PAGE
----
In the three months to November 2012, exports to the European Union fell 3.7% year on year, while exports to the rest of the world rose 6.8%
Commenting on the UK’s trade figures, published today by the ONS, John Longworth, Director General of the British Chambers of Commerce (BCC) said:
"UK trade data have been particularly volatile recently, and may well have been influenced by special factors, such as the Olympics. Despite the slightly improved trade deficit seen in November, the figures suggest the external sector is still failing to provide any support to the recovery. The new data means the trade deficit was more than £7bn in the first two months of the fourth quarter. With a turnaround in December looking unlikely, net trade may well act as a drag on GDP growth in the final quarter of the year.
“Over the coming months, the government must do more to put international trade at the top of its agenda. There is still a lot of pressure on exports due to weak domestic demand and soft global growth, so UK businesses need all the help they can get if they are to succeed in driving an export-led recovery. Expanding trade promotion budgets is a good start, but why not go even further and introduce an Export Voucher scheme to help businesses on the cusp of exporting, so they can expand their capabilities and tap into fast-growing markets abroad. According to our latest economic survey, exports in the service sector have improved, which is encouraging, but this must not be choked off by a lack of access to finance to fund growth."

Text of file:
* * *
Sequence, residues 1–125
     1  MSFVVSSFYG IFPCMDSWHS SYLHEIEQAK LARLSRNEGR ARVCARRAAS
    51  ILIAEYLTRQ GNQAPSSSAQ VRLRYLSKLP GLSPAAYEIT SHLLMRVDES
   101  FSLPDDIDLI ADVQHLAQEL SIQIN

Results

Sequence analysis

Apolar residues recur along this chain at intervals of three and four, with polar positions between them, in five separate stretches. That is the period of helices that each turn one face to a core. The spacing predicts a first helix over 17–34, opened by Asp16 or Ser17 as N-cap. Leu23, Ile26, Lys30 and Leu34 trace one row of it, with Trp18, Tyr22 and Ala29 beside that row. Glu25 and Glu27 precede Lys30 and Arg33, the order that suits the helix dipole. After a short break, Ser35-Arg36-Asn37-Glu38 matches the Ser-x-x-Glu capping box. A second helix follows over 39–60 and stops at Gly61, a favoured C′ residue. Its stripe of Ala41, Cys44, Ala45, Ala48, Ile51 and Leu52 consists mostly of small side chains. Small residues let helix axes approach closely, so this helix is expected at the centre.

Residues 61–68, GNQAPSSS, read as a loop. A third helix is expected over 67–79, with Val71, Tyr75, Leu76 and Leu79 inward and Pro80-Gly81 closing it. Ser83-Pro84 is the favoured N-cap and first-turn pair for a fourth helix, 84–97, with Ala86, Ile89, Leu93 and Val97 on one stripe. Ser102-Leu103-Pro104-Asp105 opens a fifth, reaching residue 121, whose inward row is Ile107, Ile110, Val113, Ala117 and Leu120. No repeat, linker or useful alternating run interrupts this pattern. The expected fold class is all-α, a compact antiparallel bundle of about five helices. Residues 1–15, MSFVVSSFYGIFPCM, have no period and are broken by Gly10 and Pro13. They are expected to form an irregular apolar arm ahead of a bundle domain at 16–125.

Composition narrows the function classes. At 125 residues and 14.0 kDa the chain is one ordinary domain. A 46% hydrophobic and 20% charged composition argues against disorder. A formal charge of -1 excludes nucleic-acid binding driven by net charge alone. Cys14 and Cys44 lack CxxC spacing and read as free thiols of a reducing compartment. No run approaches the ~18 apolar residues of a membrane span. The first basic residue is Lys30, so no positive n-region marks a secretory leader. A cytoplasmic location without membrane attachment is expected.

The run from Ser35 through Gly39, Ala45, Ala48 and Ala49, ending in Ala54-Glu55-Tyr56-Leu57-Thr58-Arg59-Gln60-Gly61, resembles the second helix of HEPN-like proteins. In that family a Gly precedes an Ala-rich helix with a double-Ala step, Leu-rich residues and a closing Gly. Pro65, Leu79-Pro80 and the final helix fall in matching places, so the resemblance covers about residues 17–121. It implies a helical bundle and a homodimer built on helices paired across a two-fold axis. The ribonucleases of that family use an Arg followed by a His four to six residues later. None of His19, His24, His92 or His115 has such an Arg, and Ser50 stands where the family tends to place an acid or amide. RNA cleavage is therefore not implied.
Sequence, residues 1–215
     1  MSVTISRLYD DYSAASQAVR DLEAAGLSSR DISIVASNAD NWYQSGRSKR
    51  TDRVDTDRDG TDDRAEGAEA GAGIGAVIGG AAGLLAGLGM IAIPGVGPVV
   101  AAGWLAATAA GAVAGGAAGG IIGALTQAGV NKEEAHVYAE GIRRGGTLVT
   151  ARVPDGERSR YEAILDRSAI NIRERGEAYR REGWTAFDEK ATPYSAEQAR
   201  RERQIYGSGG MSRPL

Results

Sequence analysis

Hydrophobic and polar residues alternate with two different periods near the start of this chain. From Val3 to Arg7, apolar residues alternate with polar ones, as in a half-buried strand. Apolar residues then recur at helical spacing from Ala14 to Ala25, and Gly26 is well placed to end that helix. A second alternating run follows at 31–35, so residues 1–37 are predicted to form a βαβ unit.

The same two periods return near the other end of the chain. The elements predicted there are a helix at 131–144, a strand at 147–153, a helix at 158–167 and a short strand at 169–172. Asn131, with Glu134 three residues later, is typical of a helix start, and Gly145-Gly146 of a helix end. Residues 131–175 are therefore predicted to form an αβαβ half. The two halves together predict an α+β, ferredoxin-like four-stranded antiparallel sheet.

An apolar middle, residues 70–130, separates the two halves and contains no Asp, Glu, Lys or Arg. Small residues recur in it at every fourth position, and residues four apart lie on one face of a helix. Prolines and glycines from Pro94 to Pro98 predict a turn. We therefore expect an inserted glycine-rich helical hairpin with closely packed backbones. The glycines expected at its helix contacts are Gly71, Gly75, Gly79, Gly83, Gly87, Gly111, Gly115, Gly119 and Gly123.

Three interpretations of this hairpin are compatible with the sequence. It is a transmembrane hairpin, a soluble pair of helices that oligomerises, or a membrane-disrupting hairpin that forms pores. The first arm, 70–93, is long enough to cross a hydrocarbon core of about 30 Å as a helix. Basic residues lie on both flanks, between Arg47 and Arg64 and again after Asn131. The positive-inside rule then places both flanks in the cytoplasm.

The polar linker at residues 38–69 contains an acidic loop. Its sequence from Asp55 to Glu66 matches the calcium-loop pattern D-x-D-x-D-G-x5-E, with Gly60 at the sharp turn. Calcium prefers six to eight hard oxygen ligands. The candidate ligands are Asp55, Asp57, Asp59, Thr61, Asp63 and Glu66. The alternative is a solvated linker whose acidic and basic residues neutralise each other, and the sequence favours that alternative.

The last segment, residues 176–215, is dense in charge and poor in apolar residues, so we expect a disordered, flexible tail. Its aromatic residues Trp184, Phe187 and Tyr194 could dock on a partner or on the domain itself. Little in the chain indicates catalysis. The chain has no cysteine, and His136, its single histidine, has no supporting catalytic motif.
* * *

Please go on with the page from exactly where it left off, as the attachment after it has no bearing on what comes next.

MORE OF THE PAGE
Commenting from Hertfordshire Chamber of Commerce & Industry , Acting CEO Yolanda Rugg said:
’’We will be launching a new campaign this Spring to help Herts businesses grow exports. By sharing knowledge, experience and skills in International Trade and inparticular promoting growth areas, together with some new financial benefits we hope to encourage more businesses into International trade.
David Kern, Chief Economist at the BCC added:
“In spite of the slight reduction in the deficit, the figures are slightly larger than most analysts predicted. Although the deficit has fluctuated over the course of 2012, the average of £3bn per month is too large and shows that we are not yet seeing sufficient progress in rebalancing Britain’s economy towards net exports.
“It is not all doom and gloom, however. In the three months to November 2012, underlying exports rose 1.4% year on year, while imports increased by only 0.3%. The economy is also refocusing exports away from the European Union, to faster-growing areas, although the EU remains our largest single export partner. To reduce the deficit further, the switch in trade away from the EU must be even faster.
“The Chancellor announced in his Autumn Statement welcome measures to support exporting companies seeking to break into new markets. These must be reinforced and implemented effectively, and should be part of a national strategy aimed at strengthening UK exports. More action in areas such as trade finance, promotion, and insurance is needed, if companies are to have the right support to penetrate new and growing markets.”